Cordelia and Cordelia: Odd thing about Cordelia that I don't often hear mentioned - she not only seems nice at first, she is nice. Buffy needed a book and some sign of welcome, and Cordy was there for her. I can't quite see that scene as just high school politics, trying to rope in the new girl because she was wearing fashionable enough clothes. Cordy acts on the impulse of her heart, not on hidden machinations.

Giles and Objects: I remember during my first watch, when I was in the later seasons, I noted that Giles is the only character to progressively get cooler in every single episode. This is probably not empirically true. However, he's one of the show's best constants, and it starts right here at the beginning: his set-up is perfect. He's appealing, dashing, funny, unique, and hints at hidden depths. He also sets up the Watchers' Council, and we don't even know that there is a Watchers' Council yet.

Oh, and bringing up Buffy's nightmares in a faux-innocent remark? BRILLIANT. This is classic Giles -- using his wisdom and knowledge to manipulate people he cares about for extremely good reasons. Recall the "binding spell" for Acathla. This is why he's the brains of the operation.

Giles and Willow have already met! They must have talked a while; she knew all about him. I wonder how that conversation went?

By the way, I've been trying to pinpoint the first time that Buffy calls him "Giles", and haven't found it. He introduces himself as Mr. Giles (in the shooting script, anyway), and most people don't just drop the title off of last names for no reason. How do you think the Scoobies ended up dubbing him like that?

Here’s Giles with some books.

Here are some goodies I scooped out of the shooting script for this episode at BuffyWorld:

On Xander:
He is bright, funny, and will one day be suave and handsome. Till that day arrives, he'll do the best he can with bright and funny.

On Willow:
The intelligence in her eyes and the sweetness of her smile belie a genuine charm that is lost on the unsubtle high school mind.

On Jesse:
He is a little more awkward than Xander, a little less likely to become a lady killer in his later years.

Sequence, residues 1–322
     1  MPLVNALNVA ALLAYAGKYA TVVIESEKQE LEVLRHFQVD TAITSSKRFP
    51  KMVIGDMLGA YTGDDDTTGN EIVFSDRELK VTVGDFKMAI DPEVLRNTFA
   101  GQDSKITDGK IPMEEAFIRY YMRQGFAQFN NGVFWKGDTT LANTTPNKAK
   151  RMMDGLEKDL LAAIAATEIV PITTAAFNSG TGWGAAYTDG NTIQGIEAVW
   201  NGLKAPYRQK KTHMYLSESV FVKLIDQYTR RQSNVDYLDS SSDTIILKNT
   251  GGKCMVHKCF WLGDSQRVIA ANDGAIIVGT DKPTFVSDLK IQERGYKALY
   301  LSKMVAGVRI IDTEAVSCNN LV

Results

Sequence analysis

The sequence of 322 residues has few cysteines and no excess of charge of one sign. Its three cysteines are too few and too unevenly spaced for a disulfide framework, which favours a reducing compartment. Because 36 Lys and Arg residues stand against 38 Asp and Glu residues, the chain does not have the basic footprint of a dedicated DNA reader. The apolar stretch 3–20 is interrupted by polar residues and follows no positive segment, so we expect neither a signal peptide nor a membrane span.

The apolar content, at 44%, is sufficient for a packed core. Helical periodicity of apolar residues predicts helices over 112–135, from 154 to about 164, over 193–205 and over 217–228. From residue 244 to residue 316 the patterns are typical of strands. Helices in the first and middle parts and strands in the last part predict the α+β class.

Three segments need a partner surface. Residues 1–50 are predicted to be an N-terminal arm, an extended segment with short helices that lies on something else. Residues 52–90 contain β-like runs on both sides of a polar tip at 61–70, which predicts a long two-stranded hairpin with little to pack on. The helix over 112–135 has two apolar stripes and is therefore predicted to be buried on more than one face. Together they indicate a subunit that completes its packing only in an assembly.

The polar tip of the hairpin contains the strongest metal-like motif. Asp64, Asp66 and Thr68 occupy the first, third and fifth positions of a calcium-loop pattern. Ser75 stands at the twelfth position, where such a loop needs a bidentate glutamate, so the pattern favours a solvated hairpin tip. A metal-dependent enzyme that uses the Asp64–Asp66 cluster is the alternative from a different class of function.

On Flutie:
He is middle aged, a tad officious. Caught between the old school of strict discipline and the new school of sensitivity.

On Cordelia:
The girl next to her, CORDELIA, leans over. She is pretty, self assured. Killer outfit.

On Giles:
He is British, of middle age, with a quiet intensity.

On Angel:
ANGEL is strikingly handsome, with intelligence and a kind of distance in his eyes. Moves with a fighter's grace.

On the Master:
Born Heinrich Joseph Nest (some six hundred years ago,) he wears a vaguely SS-like outfit.

On the school:
Students pour in before first bell, talking, laughing. They could be from anywhere in America, but for the extremity of their dress and the esoteric mania of their slang. This is definitely So Cal.

On the library:
It's elegant, full of dark wood, streaming sunlight, and (duhh) books.

On the Bronze:
The place has an appealingly dive-y earthiness; no waiting in line for the bouncer to decide whether you're cool or not. Those that are in line wait only to pay the four bucks to get their hands stamped if they're old enough to drink.

And here's Joss setting up the now-notorious locker room scene, and this is why I love reading his shooting scripts:
Two GIRLS approach their lockers, talking. They begin undressing (just shoes and coats and stuff. Get your mind out of the gutter.)

And that cliffhanger with Luke:
She tries to fight him off but she's well pinned. He contemplates her a moment with gleeful animal hunger. Teeth dripping. (Hand written: "Not").

Random notes:

• "All the students here are free to call me Bob. But they don't."
• The music doesn't really do anything for me, but it doesn't bother me, either. It just fits into the background, like, "I am watching Buffy so this is the music that's playing." Very appropriate to the Bronze setting, I think.
• I didn't believe a word of the two ultra-chic locker room girls and their slang, and I'm glad it didn't stick around.
• I was also kind of bored by the fight scenes, which is unusual for me. Maybe because they got so much better as the budget grew?
• It seems at this point that there was probably no deeper plan for Darla. But by the grace of fanwank I could see the whole schoolgirl persona as a deliberate ruse or even a game. I think the power was always there; she just preferred playing sidekick to the Master or lover to Angelus when those roles were available.
Tags: episode review

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  • Review etc: What's My Line, Part 1